Jenni Tilton-Flood grew up in central Maine farming country, the daughter of the local John Deere salesman. “I wanted so bad to leave home,” she recalls, “until all I wanted to do was come back.”
She returned after heading off to college to study international relations and foreign policy with the goal of working for a global nonprofit. But then, she explains, “I decided I didn’t want to feed the world, I wanted to feed my corner of it.” When Jenni told her dad that she wanted to work on a farm, he set her up to spend a winter day on the farm of a good friend—Flood Brothers in Clinton—sure it would deter her. “The plan backfired immensely,” Jenni says, chuckling. “I fell completely in love with it.”
Little did she know that she had already caught the eye of a member of the Flood family, Dana Flood, when she was working as the parts girl at her dad’s dealership. “He told me later that he noticed me carrying two five-gallon pails of hydraulic oil for an older customer,” Jenni recalls, “and thought to himself, ‘That’s the woman for me.’”
As she writes on her blog, “The Farmer thought he was getting a great cook, a farm wife, a history buff, and a really great discount on parts…instead he got a fantastic cook, a farm wife with ’tude who has been accused, many times, as being ‘too bold,’ a history buff, and a better discount on parts from his father-in-law than from his wife. I, on the other hand, got a wonderful husband, 3,400 cows to call family, The Farmer’s Daughter (who is intermittently referred to as ‘Baby Girl’ despite her towering almost a foot over me), and The Boy, who also looks down to look me in the eye but is always ‘The Boy,’ and a John Deere 4000 in lieu of an engagement ring.”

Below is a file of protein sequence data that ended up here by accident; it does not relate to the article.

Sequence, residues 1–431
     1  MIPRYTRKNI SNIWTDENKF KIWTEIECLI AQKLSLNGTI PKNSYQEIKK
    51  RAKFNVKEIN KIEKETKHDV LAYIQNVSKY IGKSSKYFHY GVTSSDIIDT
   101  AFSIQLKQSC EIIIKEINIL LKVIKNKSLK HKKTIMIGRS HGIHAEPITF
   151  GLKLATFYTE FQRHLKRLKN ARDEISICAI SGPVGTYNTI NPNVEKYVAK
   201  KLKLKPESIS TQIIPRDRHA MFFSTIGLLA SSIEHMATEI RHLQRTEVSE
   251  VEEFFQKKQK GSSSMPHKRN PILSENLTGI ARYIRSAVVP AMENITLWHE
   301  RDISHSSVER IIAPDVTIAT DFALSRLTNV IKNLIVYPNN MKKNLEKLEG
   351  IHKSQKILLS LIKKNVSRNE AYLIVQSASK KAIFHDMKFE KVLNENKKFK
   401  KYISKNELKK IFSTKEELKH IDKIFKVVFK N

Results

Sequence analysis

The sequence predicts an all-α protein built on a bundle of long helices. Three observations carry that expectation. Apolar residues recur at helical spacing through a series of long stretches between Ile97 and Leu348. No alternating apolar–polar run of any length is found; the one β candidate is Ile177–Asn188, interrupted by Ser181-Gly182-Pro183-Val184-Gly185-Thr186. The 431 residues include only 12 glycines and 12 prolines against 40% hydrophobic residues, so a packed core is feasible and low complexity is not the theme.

Those babies are now 17 and 18, among the third generation of Floods on the 200-year-old farm that supports six families, employs eight family members plus another 40 people and is constantly buzzing with activity. Even in winter, the farm is busy but it’s a different pace, Jenni says. Although the humans on the farm don’t relish dealing with cold and ice, she notes, “Dairy cows actually like colder weather. It’s easier to keep them content.” Her husband and the crew can take the time to head to trade shows and meetings to network and learn from fellow farmers and others who work in agriculture.
“In summer, there’s always something humming, machinery going, people moving,” she says. During winter, without fieldwork, “it’s so much quieter. You go a little slower, stop for a moment to appreciate a perfect snowdrift or how pretty the barn looks. You can almost take a deeper breath.”
On the home front in winter, Jenni says happily, “We actually get to sit down together for more meals.” Her slow cooker is often put to use for family favorites like barbecue baked beans, beef chili made with the farm’s own beef and lamb stew. Another regular recipe everyone loves for breakfast, brunch or supper is this rich hash brown casserole, which Jenni makes with half extra sharp cheddar and half Alpine cheddar and salt and pepper potato chips on top.
Note: If making with freshly grated potatoes, bake at 375 degrees for about 1 hour.